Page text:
As with cognitive effects after a TBI, changes in mood after an injury can present extreme challenges and difficulties for the injured person. Mood and personality changes can strain relationships with friends and family, and can make it difficult to work. As such, rehabilitative programs that provide benefits in terms of mood and depression will be crucial for a long-term strategy for recovery from TBI.

Do Damages in a Traumatic Brain Injury Lawsuit Cover Post-Accident Therapy and Physical Exercise?

This depends on the specific case. In many cases, financial compensation from a traumatic brain injury lawsuit or settlement can cover medical bills, hospital visits, costs of prescription medications, and other expenses. Additional treatments such as a post-injury exercise program may depend on each individual case as well as the person’s needs.

In many instances, a TBI patient may attempt to rely on insurance to help cover their medical costs and hospital bills. However, insurance policies may not always cover specialized treatments like an aerobic exercise program and its associated tests. Sometimes, the strongest way to access financial help for such programs is through a lawsuit. 

It is important for a person who has suffered a brain injury to consider all the available options in terms of recovery and financial assistance.

Aerobic exercise programs may help a person recover after a traumatic brain injury. However, such treatment might not be available without the assistance of a damages award from a lawsuit.

At the Brain Injury Law Center, we have the experience and skills needed to help clients obtain the proper compensation that is owed to them under the law. Contact us at (757) 244-7000 to schedule a consultation to discuss your legal rights.

Should I Engage in Aerobic Exercise After a Traumatic Brain Injury?

Safety First — Always Consult a Physician Before Beginning an Exercise Program

Studies show an overall positive correlation between aerobic exercise and recovery from a traumatic brain injury. However, as with any exercise regimen, especially after a brain injury, you should consult with your physician first before beginning.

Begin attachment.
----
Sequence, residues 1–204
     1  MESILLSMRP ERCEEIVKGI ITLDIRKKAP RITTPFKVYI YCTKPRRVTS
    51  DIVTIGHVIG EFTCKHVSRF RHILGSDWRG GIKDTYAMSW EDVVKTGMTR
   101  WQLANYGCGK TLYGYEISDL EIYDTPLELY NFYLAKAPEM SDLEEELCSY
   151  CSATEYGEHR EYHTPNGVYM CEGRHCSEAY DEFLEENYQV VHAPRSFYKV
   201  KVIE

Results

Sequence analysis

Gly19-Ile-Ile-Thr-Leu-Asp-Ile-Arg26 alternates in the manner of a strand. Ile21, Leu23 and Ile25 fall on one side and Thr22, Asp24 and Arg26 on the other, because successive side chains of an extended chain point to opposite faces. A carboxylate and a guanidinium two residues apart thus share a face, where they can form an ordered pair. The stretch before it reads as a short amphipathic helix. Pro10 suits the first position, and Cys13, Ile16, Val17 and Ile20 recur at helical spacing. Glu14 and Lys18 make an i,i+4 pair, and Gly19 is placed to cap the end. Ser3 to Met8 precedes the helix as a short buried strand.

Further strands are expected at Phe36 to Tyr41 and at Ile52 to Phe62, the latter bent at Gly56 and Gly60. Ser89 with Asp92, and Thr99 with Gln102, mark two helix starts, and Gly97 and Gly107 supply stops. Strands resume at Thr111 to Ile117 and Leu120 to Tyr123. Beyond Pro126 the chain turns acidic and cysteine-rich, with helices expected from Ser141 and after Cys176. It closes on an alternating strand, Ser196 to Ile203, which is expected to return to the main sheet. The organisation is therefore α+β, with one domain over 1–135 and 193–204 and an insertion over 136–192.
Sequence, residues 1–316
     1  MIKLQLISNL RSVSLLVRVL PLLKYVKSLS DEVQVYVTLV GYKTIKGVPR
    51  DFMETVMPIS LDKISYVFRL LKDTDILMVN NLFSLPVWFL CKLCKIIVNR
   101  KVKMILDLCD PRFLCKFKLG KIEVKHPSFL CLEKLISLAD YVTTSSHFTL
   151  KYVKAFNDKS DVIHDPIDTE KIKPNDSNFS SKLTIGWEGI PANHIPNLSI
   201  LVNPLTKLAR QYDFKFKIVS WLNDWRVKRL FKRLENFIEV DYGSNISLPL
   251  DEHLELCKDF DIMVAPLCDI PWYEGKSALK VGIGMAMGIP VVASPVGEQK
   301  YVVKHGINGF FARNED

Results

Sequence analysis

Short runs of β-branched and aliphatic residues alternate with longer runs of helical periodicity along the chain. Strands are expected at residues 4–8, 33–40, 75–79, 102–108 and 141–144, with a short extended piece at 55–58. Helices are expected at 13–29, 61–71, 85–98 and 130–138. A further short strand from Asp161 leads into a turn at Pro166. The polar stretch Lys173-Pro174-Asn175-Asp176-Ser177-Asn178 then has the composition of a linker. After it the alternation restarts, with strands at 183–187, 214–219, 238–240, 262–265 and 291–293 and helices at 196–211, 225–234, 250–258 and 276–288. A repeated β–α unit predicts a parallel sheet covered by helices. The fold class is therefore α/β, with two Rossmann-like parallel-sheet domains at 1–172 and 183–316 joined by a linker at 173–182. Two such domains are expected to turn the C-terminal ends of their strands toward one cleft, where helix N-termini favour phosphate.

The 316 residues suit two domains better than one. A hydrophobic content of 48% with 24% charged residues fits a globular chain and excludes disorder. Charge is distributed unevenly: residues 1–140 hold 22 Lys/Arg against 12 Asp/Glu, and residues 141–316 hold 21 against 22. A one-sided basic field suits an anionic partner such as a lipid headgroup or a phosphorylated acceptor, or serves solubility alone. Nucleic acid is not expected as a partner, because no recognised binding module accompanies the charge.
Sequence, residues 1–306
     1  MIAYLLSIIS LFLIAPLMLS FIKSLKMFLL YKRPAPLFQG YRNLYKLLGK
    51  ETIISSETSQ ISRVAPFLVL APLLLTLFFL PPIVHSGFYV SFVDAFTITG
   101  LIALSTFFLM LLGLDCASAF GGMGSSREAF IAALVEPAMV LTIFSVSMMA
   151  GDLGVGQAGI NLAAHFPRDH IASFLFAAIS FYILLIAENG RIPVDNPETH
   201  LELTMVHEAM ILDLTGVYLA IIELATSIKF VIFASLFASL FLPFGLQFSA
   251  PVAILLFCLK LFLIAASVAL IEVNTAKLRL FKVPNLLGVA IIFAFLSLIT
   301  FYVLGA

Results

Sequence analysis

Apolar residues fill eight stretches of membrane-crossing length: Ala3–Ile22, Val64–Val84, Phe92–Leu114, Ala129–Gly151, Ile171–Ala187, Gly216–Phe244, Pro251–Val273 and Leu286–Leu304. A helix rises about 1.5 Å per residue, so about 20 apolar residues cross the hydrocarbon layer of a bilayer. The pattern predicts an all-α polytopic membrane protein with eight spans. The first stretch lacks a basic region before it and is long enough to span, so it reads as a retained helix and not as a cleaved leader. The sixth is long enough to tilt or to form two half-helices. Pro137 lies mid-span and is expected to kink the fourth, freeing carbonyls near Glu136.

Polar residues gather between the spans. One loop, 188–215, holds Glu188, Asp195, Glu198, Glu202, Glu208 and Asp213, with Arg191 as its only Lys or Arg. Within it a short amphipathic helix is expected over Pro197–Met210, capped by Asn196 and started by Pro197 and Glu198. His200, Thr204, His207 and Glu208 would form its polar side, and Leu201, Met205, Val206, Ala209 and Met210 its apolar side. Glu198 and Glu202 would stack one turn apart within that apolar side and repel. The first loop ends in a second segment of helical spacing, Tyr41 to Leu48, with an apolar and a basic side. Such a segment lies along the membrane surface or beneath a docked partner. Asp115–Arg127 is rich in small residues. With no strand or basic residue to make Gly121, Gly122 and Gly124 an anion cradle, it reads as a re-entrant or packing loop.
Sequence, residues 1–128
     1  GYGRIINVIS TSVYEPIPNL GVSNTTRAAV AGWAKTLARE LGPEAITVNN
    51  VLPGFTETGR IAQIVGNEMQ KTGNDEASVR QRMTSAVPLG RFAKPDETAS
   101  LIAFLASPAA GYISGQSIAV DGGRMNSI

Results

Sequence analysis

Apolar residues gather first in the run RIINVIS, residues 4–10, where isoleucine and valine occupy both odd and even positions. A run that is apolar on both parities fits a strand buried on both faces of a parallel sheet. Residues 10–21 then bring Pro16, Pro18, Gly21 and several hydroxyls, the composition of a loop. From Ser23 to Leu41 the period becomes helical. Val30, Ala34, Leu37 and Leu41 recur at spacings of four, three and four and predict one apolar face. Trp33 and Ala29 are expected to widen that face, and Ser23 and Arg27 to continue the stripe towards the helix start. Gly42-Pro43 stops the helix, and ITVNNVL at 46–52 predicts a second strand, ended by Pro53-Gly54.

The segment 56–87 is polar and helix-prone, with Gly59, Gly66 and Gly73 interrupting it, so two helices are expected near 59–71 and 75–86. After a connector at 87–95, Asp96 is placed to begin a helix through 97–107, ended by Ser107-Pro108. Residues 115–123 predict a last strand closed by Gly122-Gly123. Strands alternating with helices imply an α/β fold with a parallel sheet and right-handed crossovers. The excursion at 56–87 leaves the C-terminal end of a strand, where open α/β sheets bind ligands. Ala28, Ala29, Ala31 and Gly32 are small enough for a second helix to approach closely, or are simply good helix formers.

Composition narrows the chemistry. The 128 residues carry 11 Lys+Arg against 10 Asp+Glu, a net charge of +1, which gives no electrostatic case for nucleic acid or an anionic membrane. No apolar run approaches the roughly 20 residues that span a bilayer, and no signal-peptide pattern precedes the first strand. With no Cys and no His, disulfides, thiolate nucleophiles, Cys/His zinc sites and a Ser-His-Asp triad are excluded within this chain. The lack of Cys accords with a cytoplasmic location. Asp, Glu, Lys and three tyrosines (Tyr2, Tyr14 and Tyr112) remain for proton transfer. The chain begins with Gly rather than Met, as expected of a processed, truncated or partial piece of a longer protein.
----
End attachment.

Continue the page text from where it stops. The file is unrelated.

Your physician will be able to tell you whether you are ready for physical exercise after a concussion, traumatic brain injury, or other similar injury. In many instances, a period of rest and recuperation is needed before engaging in or resuming physical activity and aerobic exercise.

Contact a Traumatic Brain Injury Attorney

Individuals who have been affected by a brain injury should understand the various treatment options that are available to them. New information shows that aerobic exercise can yield important benefits after a brain injury.

However, such exercise should be done with the proper care and guidance of a trained medical professional and in the context of a monitored program. Such treatment can be costly, but compensation from a lawsuit can help provide access to such medical programs.

Why Hire the Brain Injury Law Center

Our law firm has decades of experience in handling brain injury cases and assessing one’s right to recovery. Our victories include a $60.26 million verdict from a brain injury case involving a train accident, one of our landmark cases. Your health, recovery, and quality of life are our priorities, and we want to ensure that you have access to the best medical care available.

If you or a loved one have suffered a TBI or other brain injury, contact us at (757) 244-7000 to get the process started. We are on hand to provide you with compassionate legal guidance from start to finish. 

Related Resources

If you found this content about traumatic brain injuries helpful, please view the related topics below:

Contact us at (757) 244-7000 if you have specific questions on the matter or if you’d like to schedule a free consultation.

Contact Us

Free Case Review

  • Hidden
  • This field is for validation purposes and should be left unchanged.

Brain Injury Lawyer